Resource Box Rule Number One

Article Writing & Marketing School Is In Session:

If you are proud of the article you just wrote, then put your NAME as the first item in your Resource Box.

Failing to put your name in your Resource Box tells us and your reader that you are ashamed of your content or perhaps you didn’t really write it in the first place.

The first sentence of your Resource Box must be your name, your title (optional), followed by your benefit-driven unique selling proposition (answering the question, what’s in it for the reader to know more about you or want what you have to offer beyond the article of yours they just read?).


Darlene Siddons writes:

this is a great tip….not all article programs have a resource box, so i always have to remember to add my own at the end of the article….thanks for the reminder/info…..

Comment provided August 31, 2007 at 9:09 AM


Joe Shaw writes:


I have read every single article you’ve written at ezninearticles and even made notes in a journal that I created to improve my article writing.

2 days ago I bought your Article Production Strategies Seminar and learned even more things that I was missing.

I just wanted to say thank you for the hands on tips in this blog and in the Seminar. I was making all the classic mistakes you point out when I started.

I’m now writing a lot more articles, faster, and with better quality thanks to these tips. The number of page views on my latest articles has dramatically increased, and I know my resource boxes are much more effective because my click thru rates have gone up from a dismal 1% to 5, 10 or even 15% on some articles.

I just wanted to personally recommend that everyone who is serious about article marketing read your blog, your posts, and buy your Article Production Strategies Seminar.

Thanks for the tips, keep em comming.
Joe Shaw
The Family Business Guy

Comment provided August 31, 2007 at 10:37 AM


Susan Scharfman writes:

I cannot tell you how many times I have tried to shorten and improve my resource box. I am not good at blowing my horn and I welcome good advice. This is not only good advice, it should be obvious to all of us. Though it is our good name we are promoting, alas, we are not all good sales people. Thank you again Chris.

Comment provided August 31, 2007 at 10:54 AM


Edward Weiss writes:

Great tips as always. I think readers almost expect the author’s name to be the first thing they see when scanning a resource box.

I would also bold out the name as well. I do this and I think it really helps separate the box from the article content.

Comment provided August 31, 2007 at 12:14 PM


Alyssa Johnson writes:


Most of the time I feel like I gain a wealth of info from this blog. Today, however, I’m going to have to disagree with you.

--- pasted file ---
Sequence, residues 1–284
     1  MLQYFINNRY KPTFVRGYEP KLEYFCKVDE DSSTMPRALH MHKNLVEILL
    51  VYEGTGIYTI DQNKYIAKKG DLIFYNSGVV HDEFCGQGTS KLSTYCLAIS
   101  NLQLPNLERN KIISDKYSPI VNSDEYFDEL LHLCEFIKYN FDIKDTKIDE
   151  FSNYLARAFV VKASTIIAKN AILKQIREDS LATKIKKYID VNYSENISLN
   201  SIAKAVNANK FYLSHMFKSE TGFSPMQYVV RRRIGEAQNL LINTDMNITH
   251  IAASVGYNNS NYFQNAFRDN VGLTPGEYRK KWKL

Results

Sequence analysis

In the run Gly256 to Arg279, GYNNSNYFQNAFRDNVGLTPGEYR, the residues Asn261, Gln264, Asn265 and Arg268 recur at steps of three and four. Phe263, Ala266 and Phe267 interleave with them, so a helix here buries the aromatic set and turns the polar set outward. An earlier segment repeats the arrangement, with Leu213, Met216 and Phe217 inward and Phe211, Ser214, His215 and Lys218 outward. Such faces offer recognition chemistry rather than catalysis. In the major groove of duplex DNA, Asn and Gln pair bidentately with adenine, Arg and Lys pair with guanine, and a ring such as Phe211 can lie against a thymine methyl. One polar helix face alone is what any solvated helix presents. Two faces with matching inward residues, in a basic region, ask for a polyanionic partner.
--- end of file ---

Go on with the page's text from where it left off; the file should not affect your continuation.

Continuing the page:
While I think putting my name is important, I do NOT agree with putting it in the first sentence of the resource box.

The resource box is my opportunity to try to interest the reader in looking further, not the place to toot my own horn.

If I haven’t proven by my article that I know what I’m talking about, odds are they won’t even read far enough to get to the resource box.

My suggestion for the first line is one taught to me by Jeff Herring: Have your article “flow” right into the resource box. You want your readers to read it. You DON’T want them to think, “ok, end of article, time to move on”.

I typically END my resource box with something like “All of this was brought to you by Alyssa Johnson”

That’s my two cents worth! Best of luck everyone with your article marketing!

Comment provided August 31, 2007 at 2:16 PM


Suzanne Holman writes:

Hi Chris,
I have to agree with Alyssa….. After working with Jeff Herring, I’ve developed meaningful resource boxes relevant to each article, with a call to action first, followed by a short reference to me.
I feel as though they’ve already seen my name under the title and are more interested in benefits to them than “all about me” stuff!
Suzanne in Phoenix

Comment provided August 31, 2007 at 2:22 PM



There are many possible variations. I write my name in the middle of the resource box, after explaining to my readers what I can do for them. My resource box is a combination of what Chris and Jeff said.

The important in the resource box is to tell the readers what we can do for them, besides writing our name. We shall write in the third person (not in the first) and we shall be very economic, using only a few words to describe our work. This is part of Suzanne Lieurance’s guidance. (She is responsible for the Summer Challenge, according to which we have to write 30 articles until September the 30th, starting from August the 1st).

I’m glad to be part of her group.
I believe though Chris Knight is the best adviser, in general aspects.

Comment provided August 31, 2007 at 4:25 PM


joe Shaw writes:

I understand what the last few posts were about, and why you may think that way. Your thinking about the reader saying ‘what’s in it for me’. And if I understand you correctly, you’re saying that telling them our name isn’t really a bennifit. I get that. My opinion is a little different.

Yes, your resource box should be bennifits driven. But part of the bennifit for the reader is that they are getting advice from you the expert.

Telling the reader our name is not is not so we can brag, we’re telling them because our branding ADDS VALUE to our invitation for the reader. So what I’m saying is that telling them our name and our title increases the perceived benefit of our offer. And that IS about the reader. You have a website, You’re a published author, and they’re reading your article.